If you’re looking to bring a new pet into your home, one of the nicest things you can do is adopt a rescue animal. With so many pets out there looking for a home, adopting from a shelter can truly help you to save an animal’s life. Better yet, shelter pets could save you over a grand by coming pre-vaccinated and spayed/neutered. There are a lot of myths about shelter adoption, and also a lot of things you should know first.
- You won’t be able to find certain breeds of dogs at a shelter. FALSE: While some dogs may be more common than others, if you take the time, keep checking back, and submit an application showing that yours would be a good home, you can find dogs of all types. Also, many breeds will have their own rescue organizations. For best results, try Googling [name of breed]+rescue+[your location].
- Shelters only have dogs and cats. FALSE: You can actually find all types of animals at a shelter, and some of them will be way cheaper than in a pet store (particularly rabbits and guinea pigs).
- Shelter animals are abused. FALSE: While some shelter animals have been abused, many were simply returned by people who did not have the time or resources to properly care for them.
- Shelter animals are mean. FALSE: Shelter animals are tested for temperament issues. Shelter staff will put food in front of a dog and take it away, or pull on its tail to see if it becomes aggressive. They will not adopt out pets who are likely to bite or harm someone, and they are good judges of which pets are safe to have around children, which dogs are safe to have around cats, etc.
Tips for Adopting from a Shelter
- Get to know the shelter staff and pets before you adopt. Shelter staff are friendly and will help you get to know what kind of animal will be the best match for your home. They’ll also tell you if a pet is social, what its likes and dislikes are, and what kind of environment will make them most comfortable.
- Consider the pet’s age. Dogs over 6 months old are much easier to care for and train than a puppy. Even older dogs are very appreciative of being adopted, and often come well-trained. While kittens can be lots of fun (and are quite plentiful around shelters in the springtime), they also demand a lot of play and attention, and their temperaments can change a lot as they grow up. Getting an adult cat means you will have a better sense of what your cat’s attitude is like, and it will be less likely to change as it grows.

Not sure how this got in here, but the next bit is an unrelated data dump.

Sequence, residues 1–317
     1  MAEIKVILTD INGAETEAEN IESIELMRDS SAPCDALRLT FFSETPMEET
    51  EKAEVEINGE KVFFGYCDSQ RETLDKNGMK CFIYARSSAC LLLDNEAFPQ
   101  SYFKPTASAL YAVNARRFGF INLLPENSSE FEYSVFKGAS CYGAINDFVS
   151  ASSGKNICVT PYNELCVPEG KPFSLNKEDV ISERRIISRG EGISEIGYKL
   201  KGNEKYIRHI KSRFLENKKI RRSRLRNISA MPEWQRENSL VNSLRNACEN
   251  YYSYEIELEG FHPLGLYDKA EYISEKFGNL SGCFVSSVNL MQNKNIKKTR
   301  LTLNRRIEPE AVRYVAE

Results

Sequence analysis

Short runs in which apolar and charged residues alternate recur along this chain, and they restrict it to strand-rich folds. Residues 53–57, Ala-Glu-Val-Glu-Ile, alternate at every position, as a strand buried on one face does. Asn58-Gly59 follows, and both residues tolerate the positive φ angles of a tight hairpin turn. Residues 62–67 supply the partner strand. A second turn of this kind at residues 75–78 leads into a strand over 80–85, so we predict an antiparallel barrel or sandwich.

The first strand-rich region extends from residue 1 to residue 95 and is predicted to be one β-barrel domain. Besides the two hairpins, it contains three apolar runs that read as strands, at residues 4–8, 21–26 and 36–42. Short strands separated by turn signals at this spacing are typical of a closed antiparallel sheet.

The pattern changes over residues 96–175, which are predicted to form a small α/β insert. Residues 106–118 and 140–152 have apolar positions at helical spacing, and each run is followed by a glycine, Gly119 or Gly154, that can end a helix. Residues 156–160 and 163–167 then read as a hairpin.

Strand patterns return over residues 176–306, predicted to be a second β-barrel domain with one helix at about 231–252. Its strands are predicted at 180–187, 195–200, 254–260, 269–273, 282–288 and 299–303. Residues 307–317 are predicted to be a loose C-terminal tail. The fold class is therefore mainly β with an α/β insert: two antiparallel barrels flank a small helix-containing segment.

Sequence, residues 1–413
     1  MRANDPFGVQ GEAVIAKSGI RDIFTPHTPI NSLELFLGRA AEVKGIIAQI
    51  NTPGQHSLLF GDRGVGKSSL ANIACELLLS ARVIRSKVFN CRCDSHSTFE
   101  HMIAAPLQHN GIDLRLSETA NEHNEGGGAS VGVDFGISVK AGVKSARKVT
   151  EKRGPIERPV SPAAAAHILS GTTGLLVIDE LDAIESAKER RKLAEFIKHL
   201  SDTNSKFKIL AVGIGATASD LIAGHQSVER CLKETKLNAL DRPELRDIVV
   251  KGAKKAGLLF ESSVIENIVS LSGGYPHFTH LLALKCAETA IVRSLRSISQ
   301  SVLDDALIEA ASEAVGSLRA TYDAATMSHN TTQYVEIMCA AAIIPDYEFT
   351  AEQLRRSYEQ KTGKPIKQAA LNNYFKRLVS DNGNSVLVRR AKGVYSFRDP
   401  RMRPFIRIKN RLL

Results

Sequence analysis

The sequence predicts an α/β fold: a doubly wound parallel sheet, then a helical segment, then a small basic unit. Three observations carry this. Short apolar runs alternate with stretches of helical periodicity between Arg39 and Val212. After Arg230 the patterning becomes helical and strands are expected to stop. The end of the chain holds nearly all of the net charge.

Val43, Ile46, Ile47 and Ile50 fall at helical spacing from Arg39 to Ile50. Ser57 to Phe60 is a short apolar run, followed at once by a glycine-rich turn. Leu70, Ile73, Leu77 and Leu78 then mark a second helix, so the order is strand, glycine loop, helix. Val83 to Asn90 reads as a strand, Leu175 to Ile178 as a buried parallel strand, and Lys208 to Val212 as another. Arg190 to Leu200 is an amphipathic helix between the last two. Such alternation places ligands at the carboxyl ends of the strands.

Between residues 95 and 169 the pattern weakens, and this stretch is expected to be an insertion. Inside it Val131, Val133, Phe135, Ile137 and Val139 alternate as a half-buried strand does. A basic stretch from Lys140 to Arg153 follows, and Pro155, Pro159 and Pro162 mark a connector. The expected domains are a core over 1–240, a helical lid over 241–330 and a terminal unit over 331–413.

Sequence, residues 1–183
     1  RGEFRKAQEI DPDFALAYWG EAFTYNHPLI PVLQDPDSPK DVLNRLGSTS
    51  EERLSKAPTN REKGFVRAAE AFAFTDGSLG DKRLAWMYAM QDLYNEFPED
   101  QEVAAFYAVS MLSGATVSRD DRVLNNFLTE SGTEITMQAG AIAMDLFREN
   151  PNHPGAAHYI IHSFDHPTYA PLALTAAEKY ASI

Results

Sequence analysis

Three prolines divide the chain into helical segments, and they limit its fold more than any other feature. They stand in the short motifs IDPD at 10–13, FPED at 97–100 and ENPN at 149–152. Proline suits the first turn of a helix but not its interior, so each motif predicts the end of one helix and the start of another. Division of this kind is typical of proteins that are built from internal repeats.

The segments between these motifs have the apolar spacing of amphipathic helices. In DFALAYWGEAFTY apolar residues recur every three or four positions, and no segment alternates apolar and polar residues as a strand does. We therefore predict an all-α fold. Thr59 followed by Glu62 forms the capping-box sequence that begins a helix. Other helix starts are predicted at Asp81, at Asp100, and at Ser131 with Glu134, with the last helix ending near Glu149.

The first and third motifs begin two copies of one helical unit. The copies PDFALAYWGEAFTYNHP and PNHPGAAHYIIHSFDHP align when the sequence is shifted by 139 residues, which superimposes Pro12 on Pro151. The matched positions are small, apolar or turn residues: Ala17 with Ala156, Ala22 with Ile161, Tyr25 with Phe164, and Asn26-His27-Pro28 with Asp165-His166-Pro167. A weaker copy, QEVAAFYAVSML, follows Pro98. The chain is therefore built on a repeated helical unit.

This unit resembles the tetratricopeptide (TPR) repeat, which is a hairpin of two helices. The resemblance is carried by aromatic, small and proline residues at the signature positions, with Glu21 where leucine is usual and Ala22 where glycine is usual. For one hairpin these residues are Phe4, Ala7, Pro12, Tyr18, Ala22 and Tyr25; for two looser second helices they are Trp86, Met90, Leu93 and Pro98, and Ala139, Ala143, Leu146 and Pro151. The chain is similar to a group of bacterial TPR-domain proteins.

- Consider the pet’s health. Shelter staff will be upfront with you if a pet has any health issues. Mixed-breed dogs are less likely than purebred dogs to have significant health challenges.
- Consider adopting a black dog or cat. Black pets are less likely to get adopted. this phenomenon has been dubbed “black dog syndrome,” and it’s very real – black pets stay in shelters for almost 4 times longer and are more likely to be euthanized.
- Don’t adopt a pet that you don’t think you are going to keep. While shelters will always allow you to return a pet you have adopted, this can be very hard on an animal. It’s very stressful for pets to be continually abandoned or changing homes, and even the nicest shelters are crowded and rarely have to capacity to give each pet the care and attention that they need.
Bonding with Your Rescue Pet
- Be patient. Shelters are stressful places, and lots of pets will need some time to adjust to their new home. They may not be very social right away, but don’t give up! Lots of times, pets are simply stressed out by the transition, and will come out of their shell after a few days if you show them enough love and attention.
- Introduce them to new things slowly. Pets have likes and dislikes just like people do, and you never know what they will like until you give them a chance to try it. Your new dog may love playing fetch or frisbee, or maybe they would just love to cuddle on the couch.
- Don’t overwhelm them. Introducing them to other people and pets is healthy, but you have to do so at a comfortable pace. Try inviting just one or two people over at a time to meet your pet at first, rather than having a big party. Rather than taking them to a big mixer with a bunch of other dogs, take them to the park by yourself, and introduce them to just one new dog at a time.
* The sweet dog in the picture’s name is Casper, and he is adoptable!
**I could not have written this article without the help of my sister Stacie, who has been working at the West Hills Animal Hospital since 2008. West Hills Animal Hospital and Emergency Center is open 24/7 hours and is located on Long Island in Huntington, NY.